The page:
Likewise, British officials fear a resurgent jihadist threat and are considering revising Britain’s 650-year-old treason law to make it easier to prosecute militants returning from Syria and Iraq.
And it is not only the returnees from the Levant that preoccupy European security officials.
During the pandemic, jihadist assaults have calmed down – the consequence, officials believe, of company-wide lockdowns and other travel restrictions that have thwarted would-be attackers. The lack of crowds and the public events also deprived the activists of high profile targets. But in the meantime, there has been an increase in online activity by radical Islamists, according to security officials.
Neil Basu, London Metropolitan Police deputy commissioner for specialized operations, said Time newspaper this week that he fears that large numbers of vulnerable and marginalized young people have been trapped online during lockdowns and surfing increased amounts of propaganda that has been published online during the pandemic.
“I don’t know what effect it’s going to have on people who are vulnerable to this kind of message, who may want to act, who may have been sitting on this repressed feeling for 12 months or more,” he said. he declares.
New wave alert
The possibility of a new wave of so-called lone wolf recruits and assailants combined with the release of dozens of jailed jihadists is a toxic mix, according to counterterrorism officials. They say they will be forced to maintain surveillance of released jihadists let alone try to detect radicalization online.
The last eight attacks on French soil have been carried out by assailants hitherto unknown to French security services – including the stabbing by a Tunisian immigrant last month of a civilian police employee in Paris and the murder in October of the teacher Samuel Paty in Paris. Conflans-Sainte-Honorine, a suburb of the French capital.
Of the 500 jihadists currently incarcerated in France, most have been convicted of joining Islamic State or al-Qaida in Syria and Iraq, or of helping others to do so. Fifty-eight are expected to be released this year after serving an average sentence of five years. And more than 100 more are expected to be released by 2023.
New counterterrorism measures before the National Assembly would give France’s security services new powers to help them, they say, both keep tabs on those released after serving their sentences and monitor what is happening in them. line and attempt to unmask potential attackers. These measures would allow authorities to track communications from Islamist extremists when they use encrypted messages. Teacher Paty was killed by an 18-year-old Chechen who used Instagram messaging to maintain contact with French jihadists in Syria.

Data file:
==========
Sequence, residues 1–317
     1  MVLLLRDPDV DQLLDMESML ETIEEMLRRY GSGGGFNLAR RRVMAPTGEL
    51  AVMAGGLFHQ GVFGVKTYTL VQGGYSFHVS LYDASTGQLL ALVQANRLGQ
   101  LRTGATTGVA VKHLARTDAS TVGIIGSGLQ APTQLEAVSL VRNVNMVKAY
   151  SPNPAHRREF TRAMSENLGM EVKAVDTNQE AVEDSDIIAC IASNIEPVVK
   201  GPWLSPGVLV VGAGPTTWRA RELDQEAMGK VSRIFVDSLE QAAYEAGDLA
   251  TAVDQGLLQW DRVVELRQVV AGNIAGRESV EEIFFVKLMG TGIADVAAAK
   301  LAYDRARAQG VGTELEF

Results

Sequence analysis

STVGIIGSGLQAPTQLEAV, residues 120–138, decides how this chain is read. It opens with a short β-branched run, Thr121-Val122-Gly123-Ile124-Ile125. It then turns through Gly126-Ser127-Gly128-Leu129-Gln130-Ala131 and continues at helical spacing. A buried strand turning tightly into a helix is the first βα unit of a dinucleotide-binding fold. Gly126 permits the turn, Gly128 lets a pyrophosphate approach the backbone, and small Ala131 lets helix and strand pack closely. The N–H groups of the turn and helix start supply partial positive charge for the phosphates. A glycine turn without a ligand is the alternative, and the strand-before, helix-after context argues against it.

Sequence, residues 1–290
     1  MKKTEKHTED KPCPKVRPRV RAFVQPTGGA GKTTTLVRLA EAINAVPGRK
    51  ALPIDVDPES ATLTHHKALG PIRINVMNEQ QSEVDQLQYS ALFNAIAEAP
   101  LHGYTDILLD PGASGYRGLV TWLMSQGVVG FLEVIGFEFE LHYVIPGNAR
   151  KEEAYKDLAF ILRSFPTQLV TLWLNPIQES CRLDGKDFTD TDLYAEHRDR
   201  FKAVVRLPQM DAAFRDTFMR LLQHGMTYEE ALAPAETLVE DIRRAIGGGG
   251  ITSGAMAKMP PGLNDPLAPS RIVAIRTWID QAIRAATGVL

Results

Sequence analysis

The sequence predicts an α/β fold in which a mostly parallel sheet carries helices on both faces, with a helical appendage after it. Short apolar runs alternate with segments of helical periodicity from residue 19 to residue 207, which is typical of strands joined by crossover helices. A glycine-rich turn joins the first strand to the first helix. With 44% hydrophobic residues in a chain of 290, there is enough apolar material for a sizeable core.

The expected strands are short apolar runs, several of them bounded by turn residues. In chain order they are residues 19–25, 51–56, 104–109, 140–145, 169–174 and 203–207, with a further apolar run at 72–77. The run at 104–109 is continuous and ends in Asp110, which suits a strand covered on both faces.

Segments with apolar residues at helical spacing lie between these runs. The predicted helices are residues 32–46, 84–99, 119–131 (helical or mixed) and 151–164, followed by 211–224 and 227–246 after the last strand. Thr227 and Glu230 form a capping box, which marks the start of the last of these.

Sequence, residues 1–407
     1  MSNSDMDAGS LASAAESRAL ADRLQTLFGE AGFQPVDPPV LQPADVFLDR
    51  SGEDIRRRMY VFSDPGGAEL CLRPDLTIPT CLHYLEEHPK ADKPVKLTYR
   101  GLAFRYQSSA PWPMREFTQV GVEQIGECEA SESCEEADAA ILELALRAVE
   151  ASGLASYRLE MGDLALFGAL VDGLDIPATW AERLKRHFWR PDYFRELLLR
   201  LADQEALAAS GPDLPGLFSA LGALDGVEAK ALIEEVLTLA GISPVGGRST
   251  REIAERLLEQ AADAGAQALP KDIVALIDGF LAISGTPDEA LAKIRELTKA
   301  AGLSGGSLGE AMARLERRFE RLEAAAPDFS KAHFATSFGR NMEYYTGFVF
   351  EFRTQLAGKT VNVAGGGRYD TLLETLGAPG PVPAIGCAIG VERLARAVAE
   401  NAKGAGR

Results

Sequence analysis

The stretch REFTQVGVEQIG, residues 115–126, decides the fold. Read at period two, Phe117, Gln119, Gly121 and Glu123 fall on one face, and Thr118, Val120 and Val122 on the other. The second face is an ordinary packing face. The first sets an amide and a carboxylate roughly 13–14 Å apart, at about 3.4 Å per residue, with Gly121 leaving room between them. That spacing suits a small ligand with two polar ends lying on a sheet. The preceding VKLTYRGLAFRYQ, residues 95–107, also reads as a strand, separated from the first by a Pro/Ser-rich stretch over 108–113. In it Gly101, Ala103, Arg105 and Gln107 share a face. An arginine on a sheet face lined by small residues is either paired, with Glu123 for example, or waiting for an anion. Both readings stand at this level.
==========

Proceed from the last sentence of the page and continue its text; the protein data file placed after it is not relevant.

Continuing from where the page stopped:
Security services could also use algorithms to enable them to spot people who visit extremist websites and have more access to satellite communications. Last month, Gerald Darmanin, French Minister of the Interior, admitted that the security services had not been able to detect messages between the militants involved in the last nine attacks.
“We continue to remain blind with simple monitoring of normal phone lines that no one uses anymore. We are now dealing with isolated individuals, increasingly young and unknown to the intelligence services, and often without any connection to established Islamist groups, ”he said.
As for jihadists released from prison, the measures awaiting legislative approval would extend the period of surveillance of released prisoners from one to two years. Courts will also have new powers to require released offenders to frequently register with probation officers and enroll in training programs for up to five years after release.
Britain’s ruling Conservative government also recently passed legislation ending the early release of anyone convicted of a serious terrorist offense. And he is considering new measures to make it easier to prosecute British jihadists returning from overseas – and if convicted, they will serve long prison terms, possibly life imprisonment. Ministers say they plan to revise treason laws to cover membership or support from non-state actors seeking to harm Britain – this would include terrorist groups and hackers.
New national security legislation may also place the burden of proof on returnees from countries designated as terrorist hotspots to justify their trip – or face prosecution for treason. Ministers complain that the evidence needed to convict people who have traveled to Syria and Iraq to join militant groups over the past decade makes it too difficult to initiate prosecutions. And they railed against the old treason law, which dates back to 1351 and was amended in 1946.
The last person to be convicted of treason in Britain was William Joyce, a Nazi propagandist known as Lord Haw-Haw. Around 400 British jihadists have returned to the UK since 2011, but only 10% have been prosecuted.
The overhaul of the treason law has strong backing from conservative lawmakers. “We need tough penalties for treason,” Tom Tugendhat, chairman of the British parliament’s foreign affairs committee, said last week.
Other European countries have also tightened counterterrorism measures recently, prompting Amnesty International in February to warn that a side effect is to inflame anti-Muslim sentiments. The rights group said an environment was being created “in which Muslims are more susceptible to hate speech and attacks.”
“In the endless ‘war on terror’, Muslims continue to suffer ethnic profiling and are disproportionately subjected to surveillance, restrictions on their movement, arrests and deportations,” said Eda Seyhan, author of the research guide published by Amnesty.